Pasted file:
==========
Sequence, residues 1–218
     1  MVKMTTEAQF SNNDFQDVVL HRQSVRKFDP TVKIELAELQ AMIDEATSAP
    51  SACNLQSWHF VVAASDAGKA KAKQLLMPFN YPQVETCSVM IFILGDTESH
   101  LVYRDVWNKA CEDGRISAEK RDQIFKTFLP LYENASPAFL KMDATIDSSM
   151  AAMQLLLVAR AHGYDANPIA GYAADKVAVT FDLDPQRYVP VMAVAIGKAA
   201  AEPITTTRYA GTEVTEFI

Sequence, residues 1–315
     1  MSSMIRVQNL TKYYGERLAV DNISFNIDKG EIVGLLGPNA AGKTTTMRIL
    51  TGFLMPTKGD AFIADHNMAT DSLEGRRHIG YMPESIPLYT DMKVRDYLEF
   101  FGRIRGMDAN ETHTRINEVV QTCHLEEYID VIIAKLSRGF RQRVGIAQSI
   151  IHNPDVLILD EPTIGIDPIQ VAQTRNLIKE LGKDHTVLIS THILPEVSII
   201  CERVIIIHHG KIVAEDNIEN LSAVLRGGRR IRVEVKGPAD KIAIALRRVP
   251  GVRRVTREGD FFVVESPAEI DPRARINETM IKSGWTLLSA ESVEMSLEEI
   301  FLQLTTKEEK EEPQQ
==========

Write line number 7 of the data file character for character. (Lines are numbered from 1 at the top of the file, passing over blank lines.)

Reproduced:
Sequence, residues 1–315